Hunger affects everyone. Without food and nutrition, the ability to concentrate is lost, we cannot function and our health deteriorates. If we do not gain access to food, we eventually die. Many of us don’t realise how fortunate we are to be able to eat once those pangs of hunger begin to set in. However, millions and millions across the globe are not so fortunate. They do not have access to food and therefore undergo slow, painful deaths.
Hunger is caused by various factors – natural disasters, harmful economic systems, poor agricultural practices are among them.
Other causes could be climate change as increasing drought, flooding and changing climatic patterns require a shift in crops and farming practices that might not be easily accomplished. Poverty and the unequal distribution of wealth are high on the list too.
The Food and Agriculture Organization of the United Nations tells us that the critical threshold of 1 billion hungry people in the world was reached in part due to soaring food prices and the financial crisis. The world’s largest humanitarian agency fighting hunger worldwide, which is World Food Programme tells us there are 925 million undernourished people in the world today. It also informs that daily under-nourishment, a less visible form of hunger, affects many more people.
Although there have been reports of progress in halving the proportion of people who suffer from hunger – a target of the first Millennium Development Goal to eradicate extreme poverty and hunger by 2015 – there remains a long way to go with malnutrition on the rise.
The theme for this year’s World Food Day, observed Saturday, is United Against Hunger. Several activities were carried out worldwide to mark the occasion. Among them school projects, tree plantings, seed and seedling distributions, special lectures and media programmes.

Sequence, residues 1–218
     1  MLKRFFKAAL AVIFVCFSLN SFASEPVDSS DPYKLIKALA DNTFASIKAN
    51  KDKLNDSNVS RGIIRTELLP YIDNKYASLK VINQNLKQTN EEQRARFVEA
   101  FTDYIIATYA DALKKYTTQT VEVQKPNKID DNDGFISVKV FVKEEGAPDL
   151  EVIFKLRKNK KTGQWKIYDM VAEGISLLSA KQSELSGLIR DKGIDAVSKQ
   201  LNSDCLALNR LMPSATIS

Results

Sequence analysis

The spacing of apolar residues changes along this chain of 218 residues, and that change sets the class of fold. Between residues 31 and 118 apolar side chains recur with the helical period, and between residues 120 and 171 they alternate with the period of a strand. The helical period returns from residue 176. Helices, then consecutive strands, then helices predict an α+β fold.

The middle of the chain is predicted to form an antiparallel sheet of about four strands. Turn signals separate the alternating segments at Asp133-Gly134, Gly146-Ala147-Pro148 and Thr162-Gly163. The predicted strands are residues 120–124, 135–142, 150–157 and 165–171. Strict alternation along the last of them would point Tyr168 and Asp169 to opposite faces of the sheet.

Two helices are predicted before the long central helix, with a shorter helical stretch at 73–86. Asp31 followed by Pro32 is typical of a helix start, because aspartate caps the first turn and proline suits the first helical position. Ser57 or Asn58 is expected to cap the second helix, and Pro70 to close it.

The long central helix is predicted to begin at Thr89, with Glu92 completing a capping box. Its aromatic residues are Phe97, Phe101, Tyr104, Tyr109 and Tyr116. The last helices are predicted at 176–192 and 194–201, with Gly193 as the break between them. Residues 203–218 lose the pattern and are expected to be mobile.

Those who care are being encouraged to attach their names to the “1 billion Hungry” petition being circulated worldwide via hand and Internet, to put pressure on politicians to end hunger.
Activities in Antigua & Barbuda to mark the occasion will, in fact, last throughout the week with distributions of food hampers and World Food Day T-shirts, donations of agricultural produce, among others.
While it’s great that we’re going through the motions of celebrating this occasion, what exactly is being done of significance to help alleviate hunger both at the state level and at the personal level? Our concern here is food security and it’s been implied that Antigua & Barbuda is a major disaster away, from being a nation of hungry people.
Storms have wreaked havoc on our agricultural produce in the past couple of years causing millions of dollars in crop loss. However, we have been quite fortunate not to have encountered any disasters of great proportions causing mass destruction and loss of life. God forbid, if that were to happen and our current food supply were wiped out, would we have some stored up for that “rainy day?”
Such concern has been expressed several times by a senior agriculture officer and we wonder how much closer the country is to having adequate facilities for long-term storage of food.
Also, rising food prices are just as evident here as anywhere else and authorities have been preaching ad nauseum that producing one’s own is the way to go. How much closer is the country to lessening the food import bill?
These are just some of the questions that come to mind when we talk of eradicating hunger.
At the personal level, we can also make a difference. Rather than turning a deaf ear to the cries of hunger from another, we can make a contribution. We’re not suggesting a one-person food distribution effort but a donation to your local charity or soup kitchen.
It takes more than just talk to assist in the fight against hunger; it will take action. And if we are united in our worldwide plan to eradicate hunger, then together we will be able to effect change for the better.